The Congressional Budget Office on Wednesday forecast that the U.S. economy will grow by just 1.5 percent in 2014, undermined by a poor performance during the first three months of the year. The new assessment was considerably more pessimistic than the Obama administration's, which predicted last month that the economy would expand by 2.6 percent this year even though it contracted by an annual rate of 2.1 percent in the first quarter...Even with the [Q2] rebound, economists have lowered their outlook for the entire year, given the weak start. Economists at JPMorgan Chase are forecasting that the economy will grow by 1.9 percent this year, when measured from the fourth quarter, down from 3.1 percent in 2013.
The Congressional Budget Office released another report on the nation’s debt and deficit picture today, and the short version goes something like this: We’ve made some short-term progress in reducing annual deficits, but the long-term debt picture is still quite bleak. It’s the calm before the storm more than a sign that all is well...even as annual deficits have declined, total federal debt levels have remained high. And they are expected to rise to unprecedented levels in the years to come. By the end of this fiscal year, the CBO says, federal debt held by the public will equal 74 percent of GDP, double its 2007 level...The higher the debt levels, the bigger the problems for the nation, especially when debt levels are this high. As the CBO notes (and has said repeatedly in previous reports), higher debt means higher federal spending on interest to maintain the debt, lower economic growth rates, less flexibility for policymakers in all matters, and an increased risk of a fiscal crisis. Basically, debt costs money to carry, and robs the nation of other options: the more a nation owes, and the more it spends on debt, the fewer choices it has to do other things, which creates a kind of precarious state in which really big problems—like a fiscal crisis—are more likely, and harder to deal with when they do occur. It’s a fiscal feedback loop, and it’s threatening to drag us down.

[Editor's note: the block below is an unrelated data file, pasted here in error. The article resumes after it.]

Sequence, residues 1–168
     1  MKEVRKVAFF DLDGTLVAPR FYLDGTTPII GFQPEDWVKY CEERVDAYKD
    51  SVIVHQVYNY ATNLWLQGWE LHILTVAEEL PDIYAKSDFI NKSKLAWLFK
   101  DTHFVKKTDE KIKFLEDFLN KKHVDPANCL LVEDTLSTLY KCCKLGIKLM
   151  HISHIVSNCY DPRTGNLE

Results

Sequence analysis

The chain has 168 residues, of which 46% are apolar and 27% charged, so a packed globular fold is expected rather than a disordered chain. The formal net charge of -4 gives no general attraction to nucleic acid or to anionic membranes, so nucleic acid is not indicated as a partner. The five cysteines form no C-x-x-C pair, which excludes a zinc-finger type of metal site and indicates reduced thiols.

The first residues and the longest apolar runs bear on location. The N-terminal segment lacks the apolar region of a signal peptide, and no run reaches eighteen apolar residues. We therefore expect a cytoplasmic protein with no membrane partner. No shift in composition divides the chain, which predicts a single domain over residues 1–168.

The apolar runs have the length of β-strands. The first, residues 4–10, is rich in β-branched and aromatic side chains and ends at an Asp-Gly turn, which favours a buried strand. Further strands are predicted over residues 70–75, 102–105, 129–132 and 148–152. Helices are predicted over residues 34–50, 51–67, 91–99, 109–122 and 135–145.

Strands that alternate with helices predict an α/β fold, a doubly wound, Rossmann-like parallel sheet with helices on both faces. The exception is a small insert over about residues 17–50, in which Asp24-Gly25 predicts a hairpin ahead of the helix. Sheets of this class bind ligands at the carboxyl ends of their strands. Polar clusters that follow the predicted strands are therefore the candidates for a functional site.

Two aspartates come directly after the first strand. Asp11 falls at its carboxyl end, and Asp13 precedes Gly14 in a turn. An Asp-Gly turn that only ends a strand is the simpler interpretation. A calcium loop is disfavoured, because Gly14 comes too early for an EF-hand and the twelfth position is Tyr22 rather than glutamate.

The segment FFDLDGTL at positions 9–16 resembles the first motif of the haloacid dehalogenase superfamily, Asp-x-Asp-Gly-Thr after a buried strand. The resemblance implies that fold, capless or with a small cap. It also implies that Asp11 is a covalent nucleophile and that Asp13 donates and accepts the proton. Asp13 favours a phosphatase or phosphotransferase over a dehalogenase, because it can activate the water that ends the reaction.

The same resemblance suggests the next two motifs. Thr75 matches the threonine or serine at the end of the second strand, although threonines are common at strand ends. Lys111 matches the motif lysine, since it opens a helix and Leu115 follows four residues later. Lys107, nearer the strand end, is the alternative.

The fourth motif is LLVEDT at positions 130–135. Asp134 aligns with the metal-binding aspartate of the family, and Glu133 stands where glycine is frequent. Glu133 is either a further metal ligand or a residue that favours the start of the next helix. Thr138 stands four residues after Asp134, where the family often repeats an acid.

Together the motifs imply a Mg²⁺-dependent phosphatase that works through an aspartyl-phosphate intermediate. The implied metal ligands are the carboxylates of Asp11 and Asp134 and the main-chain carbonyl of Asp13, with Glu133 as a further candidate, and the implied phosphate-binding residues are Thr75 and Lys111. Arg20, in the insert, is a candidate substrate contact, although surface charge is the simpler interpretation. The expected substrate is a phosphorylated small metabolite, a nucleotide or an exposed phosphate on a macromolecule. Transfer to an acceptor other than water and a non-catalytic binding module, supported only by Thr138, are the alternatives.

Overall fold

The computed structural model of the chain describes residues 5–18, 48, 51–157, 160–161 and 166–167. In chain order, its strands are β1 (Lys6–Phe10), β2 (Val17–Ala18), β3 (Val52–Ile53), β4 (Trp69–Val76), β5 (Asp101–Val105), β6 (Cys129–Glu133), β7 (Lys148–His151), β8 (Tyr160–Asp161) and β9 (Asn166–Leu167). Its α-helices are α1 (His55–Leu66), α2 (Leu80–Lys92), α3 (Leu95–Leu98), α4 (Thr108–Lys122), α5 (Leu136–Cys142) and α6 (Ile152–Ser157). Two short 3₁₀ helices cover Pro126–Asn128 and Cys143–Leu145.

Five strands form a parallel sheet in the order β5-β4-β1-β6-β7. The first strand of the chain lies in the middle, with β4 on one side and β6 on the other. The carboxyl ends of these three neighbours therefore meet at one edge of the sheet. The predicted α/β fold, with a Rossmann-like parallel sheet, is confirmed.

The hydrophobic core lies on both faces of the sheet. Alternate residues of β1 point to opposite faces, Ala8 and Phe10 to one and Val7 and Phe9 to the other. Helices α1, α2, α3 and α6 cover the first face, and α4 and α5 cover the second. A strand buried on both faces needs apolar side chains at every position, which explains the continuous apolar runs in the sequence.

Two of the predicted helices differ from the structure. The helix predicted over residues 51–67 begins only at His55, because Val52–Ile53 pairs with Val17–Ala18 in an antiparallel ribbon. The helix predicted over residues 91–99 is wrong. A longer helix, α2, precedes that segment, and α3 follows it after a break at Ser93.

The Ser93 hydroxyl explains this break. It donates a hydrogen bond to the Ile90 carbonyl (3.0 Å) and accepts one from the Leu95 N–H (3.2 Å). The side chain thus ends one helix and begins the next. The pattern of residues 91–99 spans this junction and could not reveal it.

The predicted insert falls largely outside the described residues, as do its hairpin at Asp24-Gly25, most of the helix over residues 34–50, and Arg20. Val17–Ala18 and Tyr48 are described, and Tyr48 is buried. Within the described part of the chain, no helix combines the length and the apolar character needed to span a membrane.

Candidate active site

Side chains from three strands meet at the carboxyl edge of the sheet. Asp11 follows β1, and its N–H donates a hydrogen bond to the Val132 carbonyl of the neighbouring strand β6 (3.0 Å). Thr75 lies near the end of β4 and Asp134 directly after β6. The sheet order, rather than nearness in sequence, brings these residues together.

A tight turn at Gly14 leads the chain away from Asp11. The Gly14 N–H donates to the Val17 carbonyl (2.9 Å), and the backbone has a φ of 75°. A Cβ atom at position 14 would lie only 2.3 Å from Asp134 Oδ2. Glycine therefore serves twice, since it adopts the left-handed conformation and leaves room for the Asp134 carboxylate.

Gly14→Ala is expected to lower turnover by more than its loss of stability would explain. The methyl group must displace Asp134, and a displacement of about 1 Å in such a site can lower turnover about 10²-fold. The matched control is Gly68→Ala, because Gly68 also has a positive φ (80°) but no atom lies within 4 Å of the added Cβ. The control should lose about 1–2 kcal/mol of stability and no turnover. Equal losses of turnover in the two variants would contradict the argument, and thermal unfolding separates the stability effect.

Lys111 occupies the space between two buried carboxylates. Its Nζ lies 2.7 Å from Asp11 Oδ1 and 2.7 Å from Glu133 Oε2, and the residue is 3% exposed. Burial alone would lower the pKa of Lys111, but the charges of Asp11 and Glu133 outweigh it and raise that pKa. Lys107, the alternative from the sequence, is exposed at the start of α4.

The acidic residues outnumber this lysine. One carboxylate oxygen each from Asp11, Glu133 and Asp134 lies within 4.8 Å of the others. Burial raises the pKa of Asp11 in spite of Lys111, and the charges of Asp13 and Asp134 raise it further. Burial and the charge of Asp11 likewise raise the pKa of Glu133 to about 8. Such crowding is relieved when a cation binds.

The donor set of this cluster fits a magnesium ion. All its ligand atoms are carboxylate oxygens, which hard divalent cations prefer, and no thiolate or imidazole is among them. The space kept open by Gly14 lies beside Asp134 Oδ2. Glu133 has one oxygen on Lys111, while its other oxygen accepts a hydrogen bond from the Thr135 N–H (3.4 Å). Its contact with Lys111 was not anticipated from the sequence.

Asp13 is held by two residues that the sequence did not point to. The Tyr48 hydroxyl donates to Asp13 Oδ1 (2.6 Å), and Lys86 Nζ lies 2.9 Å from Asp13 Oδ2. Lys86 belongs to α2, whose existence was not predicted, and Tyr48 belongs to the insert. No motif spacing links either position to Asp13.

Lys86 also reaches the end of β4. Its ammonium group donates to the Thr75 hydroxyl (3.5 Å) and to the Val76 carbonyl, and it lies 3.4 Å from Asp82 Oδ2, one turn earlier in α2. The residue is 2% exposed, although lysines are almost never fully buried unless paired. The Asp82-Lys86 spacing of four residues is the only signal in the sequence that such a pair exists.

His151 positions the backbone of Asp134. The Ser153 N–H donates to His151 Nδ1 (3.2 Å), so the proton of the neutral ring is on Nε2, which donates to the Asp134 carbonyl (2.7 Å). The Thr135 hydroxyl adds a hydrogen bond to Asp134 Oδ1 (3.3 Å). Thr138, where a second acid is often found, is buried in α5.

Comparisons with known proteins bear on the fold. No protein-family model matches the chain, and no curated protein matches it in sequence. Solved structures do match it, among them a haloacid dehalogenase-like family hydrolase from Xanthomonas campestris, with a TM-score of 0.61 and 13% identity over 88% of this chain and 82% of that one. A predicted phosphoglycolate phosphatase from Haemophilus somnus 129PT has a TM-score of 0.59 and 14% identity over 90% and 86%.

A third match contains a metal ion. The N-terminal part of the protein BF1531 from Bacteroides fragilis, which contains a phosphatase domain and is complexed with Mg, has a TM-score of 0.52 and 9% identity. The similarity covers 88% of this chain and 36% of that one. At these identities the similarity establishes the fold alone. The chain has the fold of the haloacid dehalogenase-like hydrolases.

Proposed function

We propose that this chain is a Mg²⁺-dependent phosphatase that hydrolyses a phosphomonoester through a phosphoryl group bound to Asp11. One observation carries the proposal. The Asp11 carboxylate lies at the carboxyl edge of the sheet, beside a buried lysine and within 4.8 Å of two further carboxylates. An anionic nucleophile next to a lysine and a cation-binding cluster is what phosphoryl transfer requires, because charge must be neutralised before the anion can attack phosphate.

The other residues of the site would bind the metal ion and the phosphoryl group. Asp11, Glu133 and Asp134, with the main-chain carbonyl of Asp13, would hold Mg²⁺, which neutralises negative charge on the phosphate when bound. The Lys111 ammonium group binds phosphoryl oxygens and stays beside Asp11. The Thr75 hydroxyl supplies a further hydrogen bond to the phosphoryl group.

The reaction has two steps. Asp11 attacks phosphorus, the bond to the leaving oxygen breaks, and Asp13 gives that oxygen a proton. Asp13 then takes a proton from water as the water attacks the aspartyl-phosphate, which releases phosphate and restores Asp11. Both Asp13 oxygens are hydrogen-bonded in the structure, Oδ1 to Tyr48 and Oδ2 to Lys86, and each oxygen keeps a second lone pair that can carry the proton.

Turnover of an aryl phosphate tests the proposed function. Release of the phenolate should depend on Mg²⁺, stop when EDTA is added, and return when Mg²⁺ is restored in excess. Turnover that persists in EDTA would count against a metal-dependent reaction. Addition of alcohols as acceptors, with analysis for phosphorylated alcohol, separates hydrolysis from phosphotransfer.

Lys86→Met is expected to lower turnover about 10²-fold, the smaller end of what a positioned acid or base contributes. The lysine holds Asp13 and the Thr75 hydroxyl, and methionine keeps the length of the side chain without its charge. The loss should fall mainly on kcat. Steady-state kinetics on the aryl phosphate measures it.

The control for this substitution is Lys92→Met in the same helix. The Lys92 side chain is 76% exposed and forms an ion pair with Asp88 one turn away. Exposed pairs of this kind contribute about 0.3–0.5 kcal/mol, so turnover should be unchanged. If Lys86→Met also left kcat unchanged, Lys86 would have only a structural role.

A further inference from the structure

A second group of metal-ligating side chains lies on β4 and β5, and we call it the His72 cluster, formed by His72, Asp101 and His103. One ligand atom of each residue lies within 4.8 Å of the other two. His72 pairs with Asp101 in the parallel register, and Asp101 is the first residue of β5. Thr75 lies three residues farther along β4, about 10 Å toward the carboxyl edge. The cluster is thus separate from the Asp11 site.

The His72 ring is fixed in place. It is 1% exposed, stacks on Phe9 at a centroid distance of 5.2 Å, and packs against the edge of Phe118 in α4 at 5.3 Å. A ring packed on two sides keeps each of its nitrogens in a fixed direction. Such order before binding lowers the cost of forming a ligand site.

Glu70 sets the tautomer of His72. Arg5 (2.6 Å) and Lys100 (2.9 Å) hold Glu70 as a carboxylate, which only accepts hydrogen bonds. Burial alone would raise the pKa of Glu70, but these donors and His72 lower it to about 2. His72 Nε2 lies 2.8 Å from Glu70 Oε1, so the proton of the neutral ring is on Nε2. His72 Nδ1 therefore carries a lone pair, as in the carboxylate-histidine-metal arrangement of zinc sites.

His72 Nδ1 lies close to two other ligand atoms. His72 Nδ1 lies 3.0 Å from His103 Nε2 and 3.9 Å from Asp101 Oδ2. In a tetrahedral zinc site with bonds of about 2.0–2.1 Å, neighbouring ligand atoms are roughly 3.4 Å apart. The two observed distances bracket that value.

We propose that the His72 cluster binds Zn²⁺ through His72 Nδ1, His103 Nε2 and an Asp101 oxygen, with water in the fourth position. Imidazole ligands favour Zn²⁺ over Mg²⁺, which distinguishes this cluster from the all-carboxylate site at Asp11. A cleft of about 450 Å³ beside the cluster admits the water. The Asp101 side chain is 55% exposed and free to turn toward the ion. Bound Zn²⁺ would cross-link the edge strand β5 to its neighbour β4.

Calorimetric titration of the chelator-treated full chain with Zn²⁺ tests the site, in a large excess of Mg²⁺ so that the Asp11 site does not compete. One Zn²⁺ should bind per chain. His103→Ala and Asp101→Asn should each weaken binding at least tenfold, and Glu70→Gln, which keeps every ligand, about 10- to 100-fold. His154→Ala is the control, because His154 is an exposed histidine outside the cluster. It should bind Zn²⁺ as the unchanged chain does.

Guy Benson is Townhall.com's Political Editor. Follow him on Twitter @guypbenson. He is co-authors with Mary Katharine Ham for their new book End of Discussion: How the Left's Outrage Industry Shuts Down Debate, Manipulates Voters, and Makes America Less Free (and Fun).
Author Photo credit: Jensen Sutta Photography
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